New research from Edith Cowan University (ECU) is paving the way to develop Western Australia’s next super healthy apple.
Western Australia has a strong pedigree in breeding outstanding apple varieties. While WA’s Pink Lady apples and the more recent BRAVOTM apples are known around the world for their great taste, it turns out they’re also some of the best for our health.
This research, led by Dr Catherine Bondonno and Dr Nicky Bondonno from ECU’s School of Medical and Health Sciences and Professor Michael Considine from UWA, examined which WA-grown apples were the best for our health based on their content of polyphenols – natural compounds associated with a decreased risk of heart disease, diabetes and cancer.
It’s hoped the information could be used to breed new and even healthier apples.
The research, published in the journal Food and Function, tested 91 varieties of apples finding that the WA-bred apples had the highest polyphenol content.
Dr Nicky Bondonno said that while Pink Lady and BRAVOTM apples are undoubtedly among the tastiest, they are also among the healthiest.
When it comes to health benefits – it’s skin deep
The research revealed an important way to get the healthiest bang for your buck from eating apples.
“This research showed us that across all of the apples we sampled, more than half of the polyphenols were found in the skin,” Dr Nicky Bondonno said.
“If you want to get all of the health benefits of eating apples, you’ve got to eat the whole thing.”
“We know that apples are a rich source of polyphenols. Because they’re such a popular fruit, eating apples is one of the most common and most simple ways in which we can add these really important compounds into our diet”.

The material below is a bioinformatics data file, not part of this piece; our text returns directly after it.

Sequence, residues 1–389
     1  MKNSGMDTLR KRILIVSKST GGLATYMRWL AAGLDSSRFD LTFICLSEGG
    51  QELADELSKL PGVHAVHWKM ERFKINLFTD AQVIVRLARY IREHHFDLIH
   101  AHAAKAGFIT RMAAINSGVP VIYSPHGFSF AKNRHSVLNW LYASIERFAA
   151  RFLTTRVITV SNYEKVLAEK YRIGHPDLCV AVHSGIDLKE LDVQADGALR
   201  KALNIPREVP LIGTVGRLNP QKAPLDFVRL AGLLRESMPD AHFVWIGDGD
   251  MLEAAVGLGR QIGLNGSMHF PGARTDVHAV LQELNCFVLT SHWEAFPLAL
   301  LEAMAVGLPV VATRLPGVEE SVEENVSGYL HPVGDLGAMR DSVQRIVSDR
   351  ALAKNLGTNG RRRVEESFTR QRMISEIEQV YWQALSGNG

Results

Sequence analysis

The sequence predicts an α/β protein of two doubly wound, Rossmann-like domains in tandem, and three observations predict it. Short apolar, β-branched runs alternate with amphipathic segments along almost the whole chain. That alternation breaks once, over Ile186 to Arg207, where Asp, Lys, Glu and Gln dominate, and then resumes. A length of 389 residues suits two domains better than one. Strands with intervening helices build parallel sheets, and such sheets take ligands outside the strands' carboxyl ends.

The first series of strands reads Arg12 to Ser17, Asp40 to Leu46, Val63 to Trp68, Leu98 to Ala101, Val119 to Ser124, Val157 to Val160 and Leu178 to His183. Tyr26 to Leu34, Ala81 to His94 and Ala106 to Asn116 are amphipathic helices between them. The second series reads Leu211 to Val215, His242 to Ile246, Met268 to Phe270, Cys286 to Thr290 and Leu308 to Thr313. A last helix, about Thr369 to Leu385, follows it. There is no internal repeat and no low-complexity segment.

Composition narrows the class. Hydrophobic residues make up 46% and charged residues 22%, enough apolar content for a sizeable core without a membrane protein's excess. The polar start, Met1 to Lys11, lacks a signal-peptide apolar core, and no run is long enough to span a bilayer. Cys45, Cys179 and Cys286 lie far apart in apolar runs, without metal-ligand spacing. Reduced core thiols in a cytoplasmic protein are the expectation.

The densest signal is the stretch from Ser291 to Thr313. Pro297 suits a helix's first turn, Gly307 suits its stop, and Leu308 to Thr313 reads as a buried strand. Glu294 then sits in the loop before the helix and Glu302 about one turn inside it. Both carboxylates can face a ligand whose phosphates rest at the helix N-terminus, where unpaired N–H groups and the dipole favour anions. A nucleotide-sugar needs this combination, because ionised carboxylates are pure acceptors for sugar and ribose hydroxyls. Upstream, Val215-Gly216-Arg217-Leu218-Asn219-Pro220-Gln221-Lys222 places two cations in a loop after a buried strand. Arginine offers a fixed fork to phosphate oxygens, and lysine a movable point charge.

The human factor
Dr Catherine Bondonno and the research team tested samples from the skin and flesh of the 91 varieties of apple and identified the types with the highest concentration of polyphenols.
“Our analysis found that the Pink Lady variety contained the most polyphenols, so also wanted to assess the levels of these compounds and the smaller compounds that they are broken down into after we eat them,” she said.
“We gave 30 participants Pink Lady apples to eat and then measured the levels of these compounds in their blood.”
“Interestingly, we found a very large variation between people in the level of polyphenol compounds in the blood. This indicates that there is a difference in how people absorb and break down these compounds and that the beneficial effects of apples on health may differ from person to person.”
The research team included staff from ECU, The University of Western Australia, Royal Perth Hospital Research Foundation, the Australian National Apple Breeding Program, and the WA Department of Primary Industries and Regional Development. This study was funded by Horticulture Innovation Australia Ltd (#AP12036).
‘Phenolic composition of 91 Australian apple varieties: towards understanding their health attributes’ was published in the journal Food and Function and the article can be accessed at the Journal’s webpage.